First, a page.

Everyone's been buzzing about The Last Song, a book/film project Nicholas Sparks cooked up for teen singing sensation Miley Cyrus. But that's not the only upcoming film sparked (I can't resist) by the writer's work. Before Last Song's premiere in April, fans will be able to spend Valentine's Day watching Dear John, a movie starring Amanda Seyfried and Channing Tatum. (Read our interview with Sparks about Dear John here.)
Sparks' page-to-screen record has been uneven, veering from home runs like The Notebook to big misses like last year's Nights in Rodanthe. According to Sparks, the book Dear John was inspired by the film Casablanca. Lasse Hallstrom at the helm is promising, but somehow I just don't see Seyfried and Tatum as Bacall and Bogart—but judge for yourself in the trailer below.
As for the Miley movie—so far, that trailer has only been shown at her concerts. After the jump, the fearless among you can see a YouTube video of the trailer, taken at a concert. The jumbotron is blurry and sometimes the squealing fans drown out the dialogue, but it's enough to get the idea.
Sparks is also making waves in the book blogosphere: Trish from Hey Lady! has challenged Rebecca of The Book Lady's Blog to give him a try during this weekend's Read-a-Thon. Rebecca will be tweeting her impressions of Sparks' work under the hashtag #IHeartTheSpark on Saturday, if you want to keep up with her reactions. Are you a Sparks fan? What's your favorite book or film?
At BookPage, we have been struck by the number of high-profile movie adaptations of beloved children’s picture books. Cloudy with a Chance of Meatballs and Where the Wild Things Are immediately come to mind, but there are others, too: The Polar Express (written in 1985, adapted for the big screen in 2004); Curious George (1941, 2006); Horton Hears a Who! (1954, 2008).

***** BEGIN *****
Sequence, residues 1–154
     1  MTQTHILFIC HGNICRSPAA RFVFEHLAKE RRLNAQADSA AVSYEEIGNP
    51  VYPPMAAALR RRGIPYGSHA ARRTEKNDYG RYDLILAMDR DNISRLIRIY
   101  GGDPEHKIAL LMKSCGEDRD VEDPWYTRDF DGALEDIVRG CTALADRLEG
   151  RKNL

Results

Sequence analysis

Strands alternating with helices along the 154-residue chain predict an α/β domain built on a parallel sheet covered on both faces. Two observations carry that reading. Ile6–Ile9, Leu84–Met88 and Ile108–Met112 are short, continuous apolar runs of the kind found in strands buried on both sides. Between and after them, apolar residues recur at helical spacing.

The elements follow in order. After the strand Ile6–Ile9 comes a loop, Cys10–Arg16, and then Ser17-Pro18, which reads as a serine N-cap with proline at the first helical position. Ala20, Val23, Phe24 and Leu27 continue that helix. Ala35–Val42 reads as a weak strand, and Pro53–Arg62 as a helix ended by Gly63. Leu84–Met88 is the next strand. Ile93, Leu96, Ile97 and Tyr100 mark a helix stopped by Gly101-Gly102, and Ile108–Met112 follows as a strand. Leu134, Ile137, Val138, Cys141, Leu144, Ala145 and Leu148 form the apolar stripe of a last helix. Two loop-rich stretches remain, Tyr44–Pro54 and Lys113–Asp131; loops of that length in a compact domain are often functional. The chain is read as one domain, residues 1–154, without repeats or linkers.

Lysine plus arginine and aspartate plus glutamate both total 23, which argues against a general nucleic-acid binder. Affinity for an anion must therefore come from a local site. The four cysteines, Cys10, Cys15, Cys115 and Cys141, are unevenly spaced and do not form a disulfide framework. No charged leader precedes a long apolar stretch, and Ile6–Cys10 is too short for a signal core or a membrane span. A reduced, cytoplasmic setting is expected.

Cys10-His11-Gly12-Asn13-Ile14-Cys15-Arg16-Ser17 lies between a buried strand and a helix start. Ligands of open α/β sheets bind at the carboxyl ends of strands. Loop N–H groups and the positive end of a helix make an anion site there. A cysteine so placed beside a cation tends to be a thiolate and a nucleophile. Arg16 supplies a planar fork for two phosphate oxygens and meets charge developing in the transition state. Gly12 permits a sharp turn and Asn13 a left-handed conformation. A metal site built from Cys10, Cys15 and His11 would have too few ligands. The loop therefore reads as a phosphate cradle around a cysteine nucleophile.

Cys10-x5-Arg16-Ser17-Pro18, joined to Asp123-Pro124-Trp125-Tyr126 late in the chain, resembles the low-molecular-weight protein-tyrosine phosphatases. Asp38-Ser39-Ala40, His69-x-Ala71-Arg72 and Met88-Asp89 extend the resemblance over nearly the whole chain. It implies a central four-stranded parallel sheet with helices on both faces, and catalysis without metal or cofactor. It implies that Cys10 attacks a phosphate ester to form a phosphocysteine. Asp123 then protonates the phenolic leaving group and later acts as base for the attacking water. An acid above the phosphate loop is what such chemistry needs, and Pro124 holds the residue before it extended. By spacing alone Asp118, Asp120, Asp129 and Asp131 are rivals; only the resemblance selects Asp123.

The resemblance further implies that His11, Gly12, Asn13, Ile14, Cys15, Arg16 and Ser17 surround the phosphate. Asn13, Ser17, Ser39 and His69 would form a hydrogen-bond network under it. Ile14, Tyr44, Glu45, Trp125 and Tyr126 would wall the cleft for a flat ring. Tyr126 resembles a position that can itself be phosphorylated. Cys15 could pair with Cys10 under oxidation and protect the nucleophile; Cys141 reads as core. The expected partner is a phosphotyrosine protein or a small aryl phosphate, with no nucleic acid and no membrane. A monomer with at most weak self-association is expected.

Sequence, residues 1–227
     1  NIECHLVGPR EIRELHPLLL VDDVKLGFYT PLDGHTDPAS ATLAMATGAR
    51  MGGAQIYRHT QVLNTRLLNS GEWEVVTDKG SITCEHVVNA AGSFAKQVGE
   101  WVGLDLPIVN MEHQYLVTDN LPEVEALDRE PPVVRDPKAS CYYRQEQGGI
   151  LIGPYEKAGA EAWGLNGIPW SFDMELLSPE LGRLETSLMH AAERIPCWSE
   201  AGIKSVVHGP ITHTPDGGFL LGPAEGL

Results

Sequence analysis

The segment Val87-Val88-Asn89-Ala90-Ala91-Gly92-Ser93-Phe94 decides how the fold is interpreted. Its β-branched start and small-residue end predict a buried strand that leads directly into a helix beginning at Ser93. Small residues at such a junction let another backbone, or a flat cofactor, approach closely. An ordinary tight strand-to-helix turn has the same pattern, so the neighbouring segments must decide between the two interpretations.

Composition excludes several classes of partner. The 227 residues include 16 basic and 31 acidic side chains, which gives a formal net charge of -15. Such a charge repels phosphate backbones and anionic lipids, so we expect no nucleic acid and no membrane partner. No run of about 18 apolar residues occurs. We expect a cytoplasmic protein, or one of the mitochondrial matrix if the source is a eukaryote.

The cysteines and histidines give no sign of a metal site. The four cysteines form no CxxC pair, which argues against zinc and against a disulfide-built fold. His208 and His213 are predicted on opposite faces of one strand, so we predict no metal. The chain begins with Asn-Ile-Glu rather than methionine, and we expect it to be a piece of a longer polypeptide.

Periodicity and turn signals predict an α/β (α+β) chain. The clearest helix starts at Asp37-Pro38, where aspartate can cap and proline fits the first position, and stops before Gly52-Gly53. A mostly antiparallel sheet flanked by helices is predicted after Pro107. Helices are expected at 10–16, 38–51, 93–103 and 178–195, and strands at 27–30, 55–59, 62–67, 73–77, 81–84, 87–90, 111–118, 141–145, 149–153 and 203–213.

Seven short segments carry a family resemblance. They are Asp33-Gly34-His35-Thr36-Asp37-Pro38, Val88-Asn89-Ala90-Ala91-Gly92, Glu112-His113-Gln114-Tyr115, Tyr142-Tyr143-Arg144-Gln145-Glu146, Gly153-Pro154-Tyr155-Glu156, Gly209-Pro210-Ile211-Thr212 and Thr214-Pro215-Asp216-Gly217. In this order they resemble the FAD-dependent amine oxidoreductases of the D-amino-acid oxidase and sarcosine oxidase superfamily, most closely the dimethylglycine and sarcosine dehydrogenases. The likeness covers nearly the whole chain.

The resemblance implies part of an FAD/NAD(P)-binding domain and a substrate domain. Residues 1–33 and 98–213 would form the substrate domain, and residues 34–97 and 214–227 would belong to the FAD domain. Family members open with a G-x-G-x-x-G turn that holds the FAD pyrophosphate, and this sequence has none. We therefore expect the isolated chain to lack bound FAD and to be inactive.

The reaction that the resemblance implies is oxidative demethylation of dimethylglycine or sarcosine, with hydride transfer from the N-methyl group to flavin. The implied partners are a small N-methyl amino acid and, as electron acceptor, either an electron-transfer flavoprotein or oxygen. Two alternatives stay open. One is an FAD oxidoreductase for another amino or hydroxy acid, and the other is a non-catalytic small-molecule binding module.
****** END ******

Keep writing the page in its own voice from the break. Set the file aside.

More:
On Tuesday, HarperCollins launched a Where the Wild Things Are website with the theme, “Read it Before You See It.” As many of you know, Spike Jonze’s “Wild Things” movie – based on Maurice Sendak’s unforgettable 1963 classic – hits theaters on Friday. (See trailer below the jump.)
Sendak’s book includes 10 sentences. Many readers will remember the simple and powerful last line, about Max’s dinner: "And it was still hot.” Sendak’s language may be wonderful, but it is undeniably sparse. Reading this book as a child, I would never have picked it to be a clear choice for a movie adaptation. Based on the trailer (cool music, cooler costumes, muted colors -- a definite departure from typical kids' flicks), I can't wait to see the movie.
Browse the book, courtesy of HarperCollins, here:
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Click here to read an interview with Sendak in BookPage.
“Cloudy with a Chance of Meatballs,” based on Judi Barrett’s 1978 story (illustrated by Ron Barrett), was released in theaters on Sept. 18. I haven’t seen it yet, but reception has been positive – the movie was #1 in the box office for two weeks in a row (see trailer below). Barrett’s prose does lend itself to animation, I think:
The menu varied. By the time they woke up in the morning, breakfast was coming down. After a brief shower of orange juice, low clouds of sunny-side up eggs moved in followed by pieces of toast. Butter and jelly sprinkled down for the toast. And most of the time it rained milk afterwards.
Has anyone seen "Cloudy with a Chance of Meatballs"? Did the animation live up to the fabulous illustrations in the book? Based on the trailer, there seem to be some notable differences in the movie (where is Grandpa Henry?).
What other children’s books would you like to see as movies? Lynn nominated Goodnight Moon. I’d like to see movie versions of The Lorax, The Giving Tree (“Once there was a tree, and she loved a little boy” . . . my heart breaks just thinking about it), and one of my all-time favorites, Mercer Mayer’s Liza Loo and the Yeller Belly Swamp.